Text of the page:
Last month my wife and I packed up and hit the road to spend a long weekend in Marfa. Telling this to people evokes two distinct reactions. You’ll either hear “Oooh! I absolutely love Marfa!” or “What the heck is Marfa?” Well, in today’s post I’m going to tell you exactly what the heck Marfa is and why you need to get there.  Like yesterday.

Marfa is a small town that is a short seven-and-a-half hour drive west of Austin. It’s an oxymoron of a drive that goes quickly due to the beautiful landscape along the way. Clouds stretch in a panorama along the horizon and you wonder if you’ve ever seen so much sky. Bands of purple and blue hues juxtaposed against the sand colored landscape don’t just look beautiful, they feel elemental. You sense isolation and connection all at once. Your heart feels free.

The destination, however, is even more ethereal. Marfa is a town now famously known for its art, thanks to contributions from Donald Judd and the subsequent Judd and Chinati Foundations. Donald Judd was a minimalist who mastered the impact of scale and here, against the negative space the landscape provides, that scale evokes an emotional and primal response. You’ll find his work throughout the town, and sometimes you may not immediately realize it…but there’s something to its presence. This was the case with me and the large table structures I seated myself at under the city’s main pavilion. It wasn’t until I began lunching on a Marfalafel from Food Shark – a local food truck that serves up a variety of Mediterranean fare – that I noticed how basic yet expansive they were.

Marfa teaches you to appreciate the simplicity and subtleties around you. Flecks of rust seem historic. Blocks of concrete feel majestic. Even the air has a color and a weight.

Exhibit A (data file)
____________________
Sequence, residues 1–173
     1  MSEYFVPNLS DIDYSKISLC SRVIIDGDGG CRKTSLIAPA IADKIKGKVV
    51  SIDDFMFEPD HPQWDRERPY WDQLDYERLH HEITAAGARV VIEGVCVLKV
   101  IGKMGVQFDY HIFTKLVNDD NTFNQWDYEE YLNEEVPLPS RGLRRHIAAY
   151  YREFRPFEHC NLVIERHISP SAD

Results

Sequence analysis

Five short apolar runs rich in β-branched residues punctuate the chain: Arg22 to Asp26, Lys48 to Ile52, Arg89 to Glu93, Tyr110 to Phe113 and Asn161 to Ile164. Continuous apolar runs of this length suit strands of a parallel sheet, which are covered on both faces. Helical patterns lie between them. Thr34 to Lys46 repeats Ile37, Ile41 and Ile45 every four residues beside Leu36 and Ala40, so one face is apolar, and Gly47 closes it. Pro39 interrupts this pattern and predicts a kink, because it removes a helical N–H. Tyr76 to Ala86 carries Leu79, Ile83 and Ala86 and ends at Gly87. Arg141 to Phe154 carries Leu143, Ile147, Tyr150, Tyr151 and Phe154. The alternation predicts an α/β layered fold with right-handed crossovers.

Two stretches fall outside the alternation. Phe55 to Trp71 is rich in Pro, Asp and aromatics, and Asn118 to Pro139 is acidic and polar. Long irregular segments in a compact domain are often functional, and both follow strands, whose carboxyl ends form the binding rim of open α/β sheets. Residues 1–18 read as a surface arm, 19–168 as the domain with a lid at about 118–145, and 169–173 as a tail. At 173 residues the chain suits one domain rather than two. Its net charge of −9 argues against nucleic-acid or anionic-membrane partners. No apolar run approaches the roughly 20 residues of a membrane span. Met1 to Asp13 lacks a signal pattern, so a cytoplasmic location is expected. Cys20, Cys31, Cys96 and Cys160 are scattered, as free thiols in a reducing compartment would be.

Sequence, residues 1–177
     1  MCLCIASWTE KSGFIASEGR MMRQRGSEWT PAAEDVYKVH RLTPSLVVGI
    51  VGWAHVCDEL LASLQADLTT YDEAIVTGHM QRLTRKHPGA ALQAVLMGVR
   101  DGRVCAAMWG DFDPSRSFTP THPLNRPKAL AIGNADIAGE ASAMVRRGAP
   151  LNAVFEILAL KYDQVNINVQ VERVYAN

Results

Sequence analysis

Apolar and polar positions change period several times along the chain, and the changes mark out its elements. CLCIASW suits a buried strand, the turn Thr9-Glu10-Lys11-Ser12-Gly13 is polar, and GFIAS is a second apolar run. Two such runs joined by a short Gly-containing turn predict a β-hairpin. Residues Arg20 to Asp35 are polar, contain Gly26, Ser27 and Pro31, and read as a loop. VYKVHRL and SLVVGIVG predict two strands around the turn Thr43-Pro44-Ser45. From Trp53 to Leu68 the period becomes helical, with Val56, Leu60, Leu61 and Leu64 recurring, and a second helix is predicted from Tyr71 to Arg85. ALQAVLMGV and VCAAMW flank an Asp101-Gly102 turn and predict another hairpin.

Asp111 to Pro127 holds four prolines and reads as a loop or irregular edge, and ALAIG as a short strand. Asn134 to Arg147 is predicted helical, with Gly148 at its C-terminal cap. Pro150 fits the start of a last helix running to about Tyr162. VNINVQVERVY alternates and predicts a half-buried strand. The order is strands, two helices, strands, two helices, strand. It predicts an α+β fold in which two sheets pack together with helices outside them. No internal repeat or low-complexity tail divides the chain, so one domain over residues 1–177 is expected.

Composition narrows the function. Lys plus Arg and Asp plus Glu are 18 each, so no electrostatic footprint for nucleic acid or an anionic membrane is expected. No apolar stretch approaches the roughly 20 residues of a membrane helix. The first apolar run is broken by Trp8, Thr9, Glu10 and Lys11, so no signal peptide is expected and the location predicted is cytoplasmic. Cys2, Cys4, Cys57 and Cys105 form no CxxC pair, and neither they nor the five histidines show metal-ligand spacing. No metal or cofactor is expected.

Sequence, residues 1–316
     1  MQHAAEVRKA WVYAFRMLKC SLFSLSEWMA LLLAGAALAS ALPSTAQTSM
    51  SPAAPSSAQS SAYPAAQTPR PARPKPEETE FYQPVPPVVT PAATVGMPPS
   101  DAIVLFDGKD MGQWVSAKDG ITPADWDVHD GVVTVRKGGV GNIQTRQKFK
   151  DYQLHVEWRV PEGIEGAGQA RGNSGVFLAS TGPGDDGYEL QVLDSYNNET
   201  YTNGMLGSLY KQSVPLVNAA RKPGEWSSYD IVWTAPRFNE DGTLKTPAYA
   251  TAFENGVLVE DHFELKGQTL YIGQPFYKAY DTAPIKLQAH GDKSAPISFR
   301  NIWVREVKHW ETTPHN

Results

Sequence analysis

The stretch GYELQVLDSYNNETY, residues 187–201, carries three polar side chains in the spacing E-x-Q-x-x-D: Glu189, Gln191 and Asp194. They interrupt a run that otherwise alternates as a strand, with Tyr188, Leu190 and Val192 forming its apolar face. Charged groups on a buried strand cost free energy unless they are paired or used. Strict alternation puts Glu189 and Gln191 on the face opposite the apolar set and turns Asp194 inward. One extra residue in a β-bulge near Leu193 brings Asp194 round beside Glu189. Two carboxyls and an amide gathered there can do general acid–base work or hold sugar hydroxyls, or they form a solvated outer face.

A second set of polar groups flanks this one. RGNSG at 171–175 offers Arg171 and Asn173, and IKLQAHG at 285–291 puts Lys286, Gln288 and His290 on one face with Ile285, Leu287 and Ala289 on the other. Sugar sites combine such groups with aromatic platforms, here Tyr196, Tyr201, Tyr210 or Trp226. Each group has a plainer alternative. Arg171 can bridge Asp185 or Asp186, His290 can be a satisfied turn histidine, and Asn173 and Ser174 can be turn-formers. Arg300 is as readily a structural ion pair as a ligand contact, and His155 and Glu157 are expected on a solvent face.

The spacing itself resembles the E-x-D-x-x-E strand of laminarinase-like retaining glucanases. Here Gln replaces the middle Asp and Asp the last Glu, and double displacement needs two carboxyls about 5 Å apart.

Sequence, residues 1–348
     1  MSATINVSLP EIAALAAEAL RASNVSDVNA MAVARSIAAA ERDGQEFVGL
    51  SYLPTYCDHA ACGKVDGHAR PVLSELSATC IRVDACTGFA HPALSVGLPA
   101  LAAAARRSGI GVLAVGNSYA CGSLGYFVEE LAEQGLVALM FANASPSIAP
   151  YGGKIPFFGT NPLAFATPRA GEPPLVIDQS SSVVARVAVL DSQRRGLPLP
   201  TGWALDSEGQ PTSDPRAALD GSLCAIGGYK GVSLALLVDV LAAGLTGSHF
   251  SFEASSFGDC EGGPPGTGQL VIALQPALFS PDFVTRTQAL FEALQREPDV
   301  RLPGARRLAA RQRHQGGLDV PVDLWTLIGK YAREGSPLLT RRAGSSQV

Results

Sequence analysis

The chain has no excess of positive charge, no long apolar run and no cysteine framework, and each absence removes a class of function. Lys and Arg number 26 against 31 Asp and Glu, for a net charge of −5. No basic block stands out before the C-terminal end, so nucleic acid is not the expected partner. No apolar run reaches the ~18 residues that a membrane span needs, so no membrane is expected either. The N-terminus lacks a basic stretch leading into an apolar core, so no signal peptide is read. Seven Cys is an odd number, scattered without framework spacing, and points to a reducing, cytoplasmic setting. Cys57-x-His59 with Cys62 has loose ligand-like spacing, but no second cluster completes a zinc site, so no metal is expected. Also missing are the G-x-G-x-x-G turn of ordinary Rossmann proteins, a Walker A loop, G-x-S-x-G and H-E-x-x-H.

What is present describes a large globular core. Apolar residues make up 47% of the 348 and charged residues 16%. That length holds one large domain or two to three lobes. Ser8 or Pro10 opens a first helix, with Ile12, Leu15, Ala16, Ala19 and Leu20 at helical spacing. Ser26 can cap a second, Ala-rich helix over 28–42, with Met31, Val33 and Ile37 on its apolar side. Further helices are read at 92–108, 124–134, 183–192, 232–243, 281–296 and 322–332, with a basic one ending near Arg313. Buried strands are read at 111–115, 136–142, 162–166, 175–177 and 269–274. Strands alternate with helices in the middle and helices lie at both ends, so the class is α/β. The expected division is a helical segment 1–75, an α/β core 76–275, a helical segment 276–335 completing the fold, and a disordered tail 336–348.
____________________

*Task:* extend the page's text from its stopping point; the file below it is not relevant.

I went to Marfa with not only my wife, but with a great collective of artists I’m proud to call my friends. The trip aligned with the Transpecos Musical Festival and we reserved scout tents at El Cosmico, where the event was staged. I ran into so many Austinites that it felt as if the whole city rallied together and embarked on an group field trip. In retrospect, perhaps I should have realized that an event that combines music, art, and fellowship would have had such a gravitational pull on the folks of Austin. And just like Austin, the whole vibe of the event was low-maintenance, carefree, and communal.

You could leave a fold-out chair planted in front of the stage all day and expect to walk up and sit in it when the music festivities started. You could warm yourself up in the naturally heated hot tubs, or roast marshmallows on the fires kindled for them – all while enjoying talents like Amy Cook or Martie Maguire play underneath a canopy of stars. You could even head into your tent as the night went on and listen to the music beneath the tent poles of your own personal fort. I’ve never experienced a music event quite like it.

I have to admit that a year ago I probably wouldn’t have even taken this trip, at least not willingly. And quite frankly, a year ago I probably wouldn’t have been ready. For me, it took meeting Austin’s most enthusiastically creative people. It took getting connected once again with my artistic side. It took expanding to a greater open mindedness. Before this trip I never felt like I needed less, and Marfa assures you that the less is really all you need. Peace. Love. Art.

If you’re ready to experience that, perhaps you too are ready for a trip to Marfa.

Just let me know if you need an extra passenger, ok?



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